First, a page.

Two Faces of German Bicameralism

Writing for a symposium in comparative constitutional law I wish to address three aspects of constitutional and political context upfront:

First, discussing „bicameralism“ with regard to German constitutional law means to conceive of the German federal parliament (Bundestag) as the “first chamber” and the representative organ of the 16 German states (Bundesrat) as the “second chamber”.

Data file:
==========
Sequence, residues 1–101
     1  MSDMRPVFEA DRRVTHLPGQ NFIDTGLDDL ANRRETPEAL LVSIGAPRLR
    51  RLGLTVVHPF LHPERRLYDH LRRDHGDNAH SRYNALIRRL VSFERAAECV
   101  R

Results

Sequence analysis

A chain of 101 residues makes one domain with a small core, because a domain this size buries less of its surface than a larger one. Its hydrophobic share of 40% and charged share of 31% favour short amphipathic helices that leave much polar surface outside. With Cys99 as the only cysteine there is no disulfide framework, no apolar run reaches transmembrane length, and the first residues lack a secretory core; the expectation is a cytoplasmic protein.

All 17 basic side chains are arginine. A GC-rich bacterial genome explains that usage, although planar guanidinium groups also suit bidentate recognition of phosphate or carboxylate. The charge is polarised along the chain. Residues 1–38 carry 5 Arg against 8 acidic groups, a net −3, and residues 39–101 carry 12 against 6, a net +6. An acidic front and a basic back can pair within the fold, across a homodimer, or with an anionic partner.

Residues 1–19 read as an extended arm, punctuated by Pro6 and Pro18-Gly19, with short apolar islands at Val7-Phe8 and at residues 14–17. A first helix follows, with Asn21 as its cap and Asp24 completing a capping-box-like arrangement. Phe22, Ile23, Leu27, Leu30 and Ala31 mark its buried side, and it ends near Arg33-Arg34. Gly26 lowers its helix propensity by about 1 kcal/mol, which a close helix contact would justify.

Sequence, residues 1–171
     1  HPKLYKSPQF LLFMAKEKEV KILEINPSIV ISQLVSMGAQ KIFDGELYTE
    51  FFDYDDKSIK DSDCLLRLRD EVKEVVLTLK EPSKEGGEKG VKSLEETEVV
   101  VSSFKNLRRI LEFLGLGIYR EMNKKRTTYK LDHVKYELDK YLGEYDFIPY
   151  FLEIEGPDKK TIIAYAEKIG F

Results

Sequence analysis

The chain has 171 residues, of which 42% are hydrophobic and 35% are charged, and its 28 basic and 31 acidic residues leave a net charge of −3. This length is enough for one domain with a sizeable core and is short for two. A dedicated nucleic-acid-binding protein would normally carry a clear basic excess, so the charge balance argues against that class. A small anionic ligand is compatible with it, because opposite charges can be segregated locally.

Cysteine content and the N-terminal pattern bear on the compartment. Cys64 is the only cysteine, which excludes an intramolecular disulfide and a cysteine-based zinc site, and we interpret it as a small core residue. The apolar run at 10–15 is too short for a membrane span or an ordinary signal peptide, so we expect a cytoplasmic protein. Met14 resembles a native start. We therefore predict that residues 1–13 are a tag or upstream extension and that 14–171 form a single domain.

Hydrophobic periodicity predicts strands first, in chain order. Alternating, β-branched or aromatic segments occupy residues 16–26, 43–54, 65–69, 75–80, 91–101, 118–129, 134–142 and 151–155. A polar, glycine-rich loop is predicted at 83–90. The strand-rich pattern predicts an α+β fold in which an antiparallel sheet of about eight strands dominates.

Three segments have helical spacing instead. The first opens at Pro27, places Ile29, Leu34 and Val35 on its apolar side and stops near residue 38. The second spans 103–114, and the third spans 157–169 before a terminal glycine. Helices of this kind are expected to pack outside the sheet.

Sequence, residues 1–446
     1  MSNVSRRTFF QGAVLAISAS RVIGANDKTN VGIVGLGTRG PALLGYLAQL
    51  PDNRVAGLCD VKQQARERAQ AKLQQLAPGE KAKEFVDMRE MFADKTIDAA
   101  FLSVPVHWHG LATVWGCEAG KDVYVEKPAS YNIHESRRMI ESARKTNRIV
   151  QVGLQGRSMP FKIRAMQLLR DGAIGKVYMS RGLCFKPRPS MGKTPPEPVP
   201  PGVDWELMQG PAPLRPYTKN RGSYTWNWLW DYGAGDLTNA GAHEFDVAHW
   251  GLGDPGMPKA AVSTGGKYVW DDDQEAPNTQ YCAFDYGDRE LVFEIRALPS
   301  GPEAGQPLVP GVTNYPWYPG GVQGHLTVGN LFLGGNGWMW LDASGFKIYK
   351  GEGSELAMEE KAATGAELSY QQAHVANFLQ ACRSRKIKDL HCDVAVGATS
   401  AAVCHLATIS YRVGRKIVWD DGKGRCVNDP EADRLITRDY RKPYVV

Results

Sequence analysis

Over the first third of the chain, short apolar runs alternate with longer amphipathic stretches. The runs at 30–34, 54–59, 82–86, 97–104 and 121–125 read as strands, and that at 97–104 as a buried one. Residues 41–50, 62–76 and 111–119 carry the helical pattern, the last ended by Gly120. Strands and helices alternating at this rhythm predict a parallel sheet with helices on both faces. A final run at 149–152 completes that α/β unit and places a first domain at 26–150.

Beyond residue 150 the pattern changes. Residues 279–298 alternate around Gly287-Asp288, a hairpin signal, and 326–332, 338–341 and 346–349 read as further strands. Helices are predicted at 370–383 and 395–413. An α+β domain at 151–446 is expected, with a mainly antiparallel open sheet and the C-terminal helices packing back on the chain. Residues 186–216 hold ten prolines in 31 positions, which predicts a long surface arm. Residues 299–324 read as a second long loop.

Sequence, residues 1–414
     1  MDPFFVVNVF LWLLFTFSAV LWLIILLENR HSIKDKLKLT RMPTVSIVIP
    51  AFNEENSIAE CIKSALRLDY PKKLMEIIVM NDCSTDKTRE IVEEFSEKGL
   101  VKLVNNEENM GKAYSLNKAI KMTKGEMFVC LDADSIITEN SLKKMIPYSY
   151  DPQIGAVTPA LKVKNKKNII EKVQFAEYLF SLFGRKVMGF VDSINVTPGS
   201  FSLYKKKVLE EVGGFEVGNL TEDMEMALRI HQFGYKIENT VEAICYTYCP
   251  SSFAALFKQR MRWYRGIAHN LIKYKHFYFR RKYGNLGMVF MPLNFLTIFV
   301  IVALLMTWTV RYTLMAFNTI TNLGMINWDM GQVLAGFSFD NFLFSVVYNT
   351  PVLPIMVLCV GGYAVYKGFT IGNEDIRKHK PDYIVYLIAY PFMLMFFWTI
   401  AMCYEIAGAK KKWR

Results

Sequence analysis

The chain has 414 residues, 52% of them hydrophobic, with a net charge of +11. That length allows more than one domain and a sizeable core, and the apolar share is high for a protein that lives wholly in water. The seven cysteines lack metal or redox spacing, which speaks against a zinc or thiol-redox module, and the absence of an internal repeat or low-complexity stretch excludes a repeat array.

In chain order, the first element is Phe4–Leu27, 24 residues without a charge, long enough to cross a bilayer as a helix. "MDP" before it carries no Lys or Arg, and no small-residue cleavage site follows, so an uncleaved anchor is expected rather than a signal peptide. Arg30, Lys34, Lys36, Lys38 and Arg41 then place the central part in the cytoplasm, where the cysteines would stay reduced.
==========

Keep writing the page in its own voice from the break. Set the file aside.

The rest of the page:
Second, there are significant differences in the institutional design of both chambers. The Bundestag is elected in general elections through a mixed electoral system. The 598 plus seats are finally allocated through proportional representation of the political parties that capture 5% or more of the federal vote. Along the general model of parliamentary democracy the Bundestag elects the federal prime minister (Bundeskanzler) who nominates the cabinet members. The Bundesrat, however, does not originate from a direct popular vote. Rather, it is comprised of delegations of the 16 state governments, the size of which varies according to the size of state populations: Small states such as Bremen or Saarland have the minimum number of 3 seats, large states such as Bavaria or North-Rhine Westfalia the maximum number of 6 seats in the Bundesrat. The preeminent political players in these delegations are the state prime ministers. Thus, in its institutional composition the Bundesrat is an executive organ, although with important legislative functions. The German federal constitution (Grundgesetz) grants the right to sponsor federal legislation, but differentiates powers when it comes to enactment. At present, the Bundesrat has the right to veto about 40% and to simply reject about 60% of federal statutes, with override powers of the Bundestag being limited to the latter option ...

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